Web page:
If our work is so small and reticent that one doesn’t enter the space of the painting, no mind—we just might be making work that enters straight into the viewer’s ribs. I am weary of art that tickles my forehead for an instant and is gone—I am looking for the kind that thrums in my chest and lodges there, in memory, like those souvenir phials of the air of Paris Duchamp proposed.

Proportion based on the lyric, not the epic—that is where the juice lives. Stirred, not shaken. Duchamp once said that art is the electricity that goes between the metal pole of the work of art and the viewer, and I don’t need shock treatment. Art that is the size and resonance of a haiku, quiet and solid as the ground beneath one’s feet—not art that wears a monocle and boxing gloves in hopes of knocking other art out of the room. A discrete art, valiantly purified of the whole hotchpotch of artist’s tricks and tics.

That, that is what I am looking for.

As am I, Lori. As am I.

  • Share on Tumblr

Tags: , , , , , ,

Skeepa, from a new series

The New Yorker‘s Joan Acocella recently reviewed Playing Scared: A History and Memoir of Stage Fright by Sara Solovitch.

Stagefright. Being a visual artist comes with plenty of baggage, but this isn’t one that is on my list of potential afflictions. Meanwhile this is a disabling condition that affects a surprisingly large number of famous performers including Laurence Olivier, Daniel Day-Lewis, Mikhail Baryshnikov, Barbra Streisand and Vladimir Horowitz. Described as “self-poisoning by adrenaline,” a feeling similar to a “snail having its shell ripped off,” stagefright doesn’t happen in my painting studio, working alone, without an audience.

And yet Acocella’s article has resonance for those of us who are not performing artists:

Sometimes, when performers speak of stagefright, one senses that they do not actually wish it gone—that, for them, it is almost a badge of honor, or, at least, proof that they’re serious about their work. As musicians, especially, will tell you, what they are doing up there is not meeting an agreed upon goal but, rather, creating something new. Horowitz insisted that the notes in the score did not tell you what the music was. The music was behind the notes, he said, and the performance was your search for it: “I play, so to speak, from the other side of the score, looking back.”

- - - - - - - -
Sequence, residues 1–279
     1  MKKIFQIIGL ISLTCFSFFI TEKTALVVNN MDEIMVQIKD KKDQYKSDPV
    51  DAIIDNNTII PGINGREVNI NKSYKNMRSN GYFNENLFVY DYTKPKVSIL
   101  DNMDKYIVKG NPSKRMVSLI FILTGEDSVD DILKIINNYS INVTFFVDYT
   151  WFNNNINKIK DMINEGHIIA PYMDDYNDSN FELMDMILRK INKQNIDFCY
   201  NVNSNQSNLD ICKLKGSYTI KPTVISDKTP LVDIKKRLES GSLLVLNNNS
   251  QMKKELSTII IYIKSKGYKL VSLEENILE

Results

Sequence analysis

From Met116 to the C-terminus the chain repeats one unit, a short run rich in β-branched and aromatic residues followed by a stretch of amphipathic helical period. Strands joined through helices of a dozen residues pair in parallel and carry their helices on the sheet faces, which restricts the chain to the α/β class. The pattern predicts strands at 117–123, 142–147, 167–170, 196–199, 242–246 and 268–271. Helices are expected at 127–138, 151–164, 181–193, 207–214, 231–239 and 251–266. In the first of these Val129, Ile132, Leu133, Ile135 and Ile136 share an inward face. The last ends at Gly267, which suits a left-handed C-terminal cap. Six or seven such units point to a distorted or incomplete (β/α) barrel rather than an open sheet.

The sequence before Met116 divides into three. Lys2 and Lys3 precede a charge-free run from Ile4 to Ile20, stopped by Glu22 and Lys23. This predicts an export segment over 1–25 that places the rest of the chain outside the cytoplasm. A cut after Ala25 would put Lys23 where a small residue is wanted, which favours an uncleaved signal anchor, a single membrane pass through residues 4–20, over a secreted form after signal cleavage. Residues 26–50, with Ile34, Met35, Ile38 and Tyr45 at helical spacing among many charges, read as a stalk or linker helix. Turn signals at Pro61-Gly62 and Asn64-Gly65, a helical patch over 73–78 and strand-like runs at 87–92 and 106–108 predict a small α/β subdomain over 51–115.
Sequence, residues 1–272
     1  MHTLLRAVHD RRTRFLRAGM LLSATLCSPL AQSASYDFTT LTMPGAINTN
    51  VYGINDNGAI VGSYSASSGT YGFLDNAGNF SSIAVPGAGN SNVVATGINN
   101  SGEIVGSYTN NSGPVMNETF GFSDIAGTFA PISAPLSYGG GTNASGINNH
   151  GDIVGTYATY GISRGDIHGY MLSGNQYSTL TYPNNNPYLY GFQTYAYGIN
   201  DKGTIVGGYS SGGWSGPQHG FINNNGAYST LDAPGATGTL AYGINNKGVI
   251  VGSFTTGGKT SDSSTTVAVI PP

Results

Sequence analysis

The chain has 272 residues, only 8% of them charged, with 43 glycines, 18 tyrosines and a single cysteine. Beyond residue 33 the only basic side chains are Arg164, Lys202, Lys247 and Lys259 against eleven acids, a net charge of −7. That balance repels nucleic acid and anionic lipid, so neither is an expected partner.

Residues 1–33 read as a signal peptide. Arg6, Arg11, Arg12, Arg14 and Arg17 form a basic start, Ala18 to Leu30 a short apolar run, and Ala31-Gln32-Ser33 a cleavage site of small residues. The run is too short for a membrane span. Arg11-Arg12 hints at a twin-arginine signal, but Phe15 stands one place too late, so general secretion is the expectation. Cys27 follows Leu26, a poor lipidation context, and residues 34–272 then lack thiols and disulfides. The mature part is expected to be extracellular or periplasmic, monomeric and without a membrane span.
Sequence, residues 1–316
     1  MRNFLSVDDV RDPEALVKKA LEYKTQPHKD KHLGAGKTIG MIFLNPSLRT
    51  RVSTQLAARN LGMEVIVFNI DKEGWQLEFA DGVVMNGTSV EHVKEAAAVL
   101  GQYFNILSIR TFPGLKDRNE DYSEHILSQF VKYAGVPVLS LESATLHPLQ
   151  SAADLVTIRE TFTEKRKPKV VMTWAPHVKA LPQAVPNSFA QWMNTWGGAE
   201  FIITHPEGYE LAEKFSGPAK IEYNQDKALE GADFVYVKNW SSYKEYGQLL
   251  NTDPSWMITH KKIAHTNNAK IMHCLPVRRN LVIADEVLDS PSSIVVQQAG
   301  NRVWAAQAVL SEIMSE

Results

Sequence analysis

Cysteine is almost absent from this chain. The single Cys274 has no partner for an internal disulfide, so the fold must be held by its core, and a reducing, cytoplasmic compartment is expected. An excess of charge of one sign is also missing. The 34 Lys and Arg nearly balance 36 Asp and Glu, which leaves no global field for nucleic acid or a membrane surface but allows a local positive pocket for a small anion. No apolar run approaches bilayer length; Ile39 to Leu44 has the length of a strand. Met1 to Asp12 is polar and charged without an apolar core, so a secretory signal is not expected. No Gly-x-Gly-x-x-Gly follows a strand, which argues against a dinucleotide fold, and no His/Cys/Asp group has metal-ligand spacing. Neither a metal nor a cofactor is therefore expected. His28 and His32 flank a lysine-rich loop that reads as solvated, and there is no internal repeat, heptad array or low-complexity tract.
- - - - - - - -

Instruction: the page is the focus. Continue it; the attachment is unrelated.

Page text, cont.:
There’s poetry in Horowitz’s description. It also is reminiscent of a comment made at an exhibition of my paintings in Ireland some years ago by a young student. After spending a long time looking closely at my work, he came over to me and said, “I think I know what your work is about. You are painting the backside of everything.” That line—the back side of everything—has remained one of my favorite descriptors.

Creating something new IS daunting. Seen in that light, a performer struggling with making that happen in real time on a stage does share something with the solitary artist, alone in a studio, working to achieve a similar goal. Sometimes that very effort can result in a disabling self-consciousness, relentless struggle and/or a proclivity to self-sabotage. While those Romantic era notions don’t serve the process all that well (my practical-minded opinion), they are still real feelings and obstacles that need navigating.

Which takes me back to Acocella’s review:

The idea is that the performing artist is a sort of Prometheus: in order to bring us the fire, he has to agree to have his liver eaten. “A divine ailment, a sacred madness”: that’s what Charles Rosen called stagefright. He said that its physical manifestations were the same as those described in medieval medical treatises as the symptoms of the disease of being in love. Many performing artists would be embarrassed to go that far. “People tell you that you have to be nervous to do well,” Emmanuel Ax says. “I don’t believe that.”

I play, so to speak, from the other side of the score, looking back, Horowitz said. As different as painting is from performing a Schubert concerto, I know that feeling that Horowitz describes. Perhaps you too have been in that place where you feel yourself move in and then through a form, a gesture, an intention. And that experience resonates with Horowitz’s image, like looking down or back into what that thing is. I love when those moments happen. It is transcendence, whether in a studio or on a stage.

  • Share on Tumblr

Tags: , , , ,

Mosel, the German valley most associated with Riesling wines (Photo: Friedrich Petersdorff)

I’ve been laboring to write about (mostly) art making and creativity on this blog for almost 10 years. One of the overarching themes has been the search for language that comes in close, authentically, to the experiences I have when I am in the studio.

Artists talking about making art are uneven at best although sometimes a Philip Guston or a Tom Nozkowski hits a sweet spot. So my most reliable source has been the prose of poets. The best soundtracks to narrate my personal creative journey have come from poets like Jane Hirschfield, William Stafford, Fanny Howe, W. S. Piero, Robert Hass, Christian Wiman, Mary Ruefle, Dean Young, Donald Hall, among others. Poetry and painting, the parallels are many. And the wordsmithing by poets about poetry is a remarkably useful overlay that maps onto the terrain of the visual arts very well. It’s like a cartographic graft.